• USDe: Ethena is one of the newest players in the yield-bearing stablecoin sector, having introduced a new way of generating yields through a combination of LSTs and delta-hedging. Investors deposit ETH, LSTs, or USDT as collateral to obtain USDe, after which similar to DAI/sDAI, USDe holders need to stake USDe to obtain sUSDe to receive yield. The yield is not paid directly, but instead accumulates within the staking contract and reflected in an increase in value of sUSDe. Investors are only able to unlock the accrued yields when they unstake their USDe.
Screenshot 2024 05 07 At 5.33.06 pm

3.3 Significance and Criticisms

Yield-bearing stablecoins represent an important application of RWAs, bridging the TradFi and crypto worlds. On one hand, they satisfy the yield-hunting crypto investors by providing an option to earn yields on ‘safe-haven assets’, similar to the case in traditional finance. On the other hand, they also open the gateway for TradFi institutions to participate in crypto adoption, starting with crypto’s least volatile asset — stablecoins. 

However, yield-bearing stablecoins have also received certain criticisms

  • Is it still a stablecoin? One of the core purposes of stablecoins is to be a capital-efficient medium of exchange. By allowing stablecoins to be staked, and locked up for yields, introduces additional complexities to its purpose. 
  • Sustainability of yields: Yields fluctuate — those based on RWAs would likely come down in line with interest rates (expected to see adjustments during the latter part of 2024). DAI’s savings rate has historically fluctuated, from 8% to 5% and most recently hiked up to 15%. Ethena’s yields will also fluctuate based on funding rates. In fact, in the event of negative funding rates (normally associated with bearish market sentiment), Ethena’s yields are expected to decline. 
  • Limited liquidity and use cases: There has been an increasing number of players coming into the stablecoin market, yet the competitive advantages of the players remain limited (only a small differentiation in collateral backing, yield offerings). These new players are often small, each with limited liquidity and use cases for their stablecoins, which potentially reduces market attractiveness.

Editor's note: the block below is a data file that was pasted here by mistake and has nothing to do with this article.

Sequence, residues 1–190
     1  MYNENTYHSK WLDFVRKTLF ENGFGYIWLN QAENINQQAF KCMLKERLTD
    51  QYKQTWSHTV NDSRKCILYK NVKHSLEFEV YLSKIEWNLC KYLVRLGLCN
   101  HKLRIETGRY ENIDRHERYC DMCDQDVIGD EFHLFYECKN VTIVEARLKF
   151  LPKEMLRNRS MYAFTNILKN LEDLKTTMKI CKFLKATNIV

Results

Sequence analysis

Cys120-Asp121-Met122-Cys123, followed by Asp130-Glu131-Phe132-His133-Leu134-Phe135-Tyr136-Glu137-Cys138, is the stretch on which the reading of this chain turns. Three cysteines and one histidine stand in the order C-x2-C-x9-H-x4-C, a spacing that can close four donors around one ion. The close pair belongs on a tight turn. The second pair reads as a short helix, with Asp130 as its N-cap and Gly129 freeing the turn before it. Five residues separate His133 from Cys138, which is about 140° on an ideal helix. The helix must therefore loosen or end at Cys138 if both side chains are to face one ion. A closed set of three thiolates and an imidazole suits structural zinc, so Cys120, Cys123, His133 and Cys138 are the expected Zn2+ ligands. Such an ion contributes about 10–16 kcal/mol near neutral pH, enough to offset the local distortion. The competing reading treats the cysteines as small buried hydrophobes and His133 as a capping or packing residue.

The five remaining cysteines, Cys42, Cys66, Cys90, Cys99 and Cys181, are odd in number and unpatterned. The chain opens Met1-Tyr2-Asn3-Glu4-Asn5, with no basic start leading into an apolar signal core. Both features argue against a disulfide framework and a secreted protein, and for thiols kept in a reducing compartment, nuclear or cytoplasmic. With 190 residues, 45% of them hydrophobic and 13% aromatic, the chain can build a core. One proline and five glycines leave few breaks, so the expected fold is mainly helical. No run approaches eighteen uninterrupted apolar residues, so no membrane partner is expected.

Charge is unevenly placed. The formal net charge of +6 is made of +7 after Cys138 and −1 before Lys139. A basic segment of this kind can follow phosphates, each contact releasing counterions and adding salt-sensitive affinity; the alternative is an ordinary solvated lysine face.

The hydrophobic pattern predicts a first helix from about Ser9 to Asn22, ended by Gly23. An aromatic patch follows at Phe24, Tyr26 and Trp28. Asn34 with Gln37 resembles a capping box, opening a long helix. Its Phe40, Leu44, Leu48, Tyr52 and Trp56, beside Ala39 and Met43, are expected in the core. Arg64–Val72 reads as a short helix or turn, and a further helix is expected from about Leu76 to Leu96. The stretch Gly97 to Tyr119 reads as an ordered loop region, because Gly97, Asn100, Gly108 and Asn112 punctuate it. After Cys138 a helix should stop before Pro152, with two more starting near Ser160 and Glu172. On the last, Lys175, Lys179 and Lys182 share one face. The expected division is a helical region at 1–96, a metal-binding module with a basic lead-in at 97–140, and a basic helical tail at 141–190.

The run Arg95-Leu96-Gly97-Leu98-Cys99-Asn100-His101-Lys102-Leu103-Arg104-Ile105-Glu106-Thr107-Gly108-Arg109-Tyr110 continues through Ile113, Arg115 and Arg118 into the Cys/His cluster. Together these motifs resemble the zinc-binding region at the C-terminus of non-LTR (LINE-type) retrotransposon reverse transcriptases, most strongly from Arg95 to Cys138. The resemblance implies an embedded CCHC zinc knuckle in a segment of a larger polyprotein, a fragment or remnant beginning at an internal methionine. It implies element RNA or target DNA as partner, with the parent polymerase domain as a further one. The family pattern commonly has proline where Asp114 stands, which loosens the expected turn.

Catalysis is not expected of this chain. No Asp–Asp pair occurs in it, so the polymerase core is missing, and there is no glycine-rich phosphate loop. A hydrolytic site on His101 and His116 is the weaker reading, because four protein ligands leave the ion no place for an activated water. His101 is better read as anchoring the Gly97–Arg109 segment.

• Centralisation: Using treasury bills or securities as collateral can be seen as a form of centralisation; to the point, stablecoin giants USDT and USDC have received similar criticisms. Even for stablecoins that claim to be decentralised, Ethena, as an example, also leverages centralised exchanges to hedge its staked ETH exposure.

3.4 Outlook

In a way, yield-bearing stablecoins set a new standard for the sector — that stablecoins are not just a medium of exchange, but a token with additional utility. Some even argue that yield-bearing stablecoins may cause the incumbent stablecoin issuers that do not offer native yields (e.g., USDT and USDC) to lose market share in the face of competition. 

We have observed a flock of new players offering innovative mechanisms to provide yields coming into the market. However, as of now, the use cases of these tokens remain limited beyond generating yields. For example, we see limited TVL and limited trading pairs denominated in these new stablecoins. Players would need to consider ways to create competitive advantages and ensure sustainability, especially when interest rates fall in the future.

4. Conclusion

We have undoubtedly seen the rise of RWA tokenisation in 2024. Not only does it signify a bridge between TradFi and the digital asset space for crypto natives, it also opens up the crypto world to many new users and products. 

Various institutions have taken their first steps to jump on the bandwagon of tokenisation to find new opportunities for yield. For example, BlackRock’s recent BUIDL. While there are still limitations in the investor base, scope, and transferability in these tokens, we believe the target is clear — to bring in more assets, users, and efficiency. We expect to see continued growth and new products to satisfy users’ different demands — higher-yielding credit products or equities, for example. 

Additionally, we will also see the increasing integration of RWAs into stablecoins, where more physical assets can be actively sought after collateral — giving rise to yield-bearing stablecoins, which can act as both safe-haven on-chain assets and provide real yield. Meanwhile, RWA assets could be boosted in the multi-chain world with the maturity of cross-chain communication.

RWAs are clearly a trend right now with the potential for mass adoption. The sector is forecasted to be a $16 trillion market by 2030, according to a Boston Consulting Group study. Meanwhile, Citi has also forecast that, by 2030, there will be $4-5 trillion of tokenised securities. This represents an immense growth opportunity from where we are now.

Read the full report: Tokenisation of RWA & Yield-Bearing Stablecoins

Authors Research and Insights team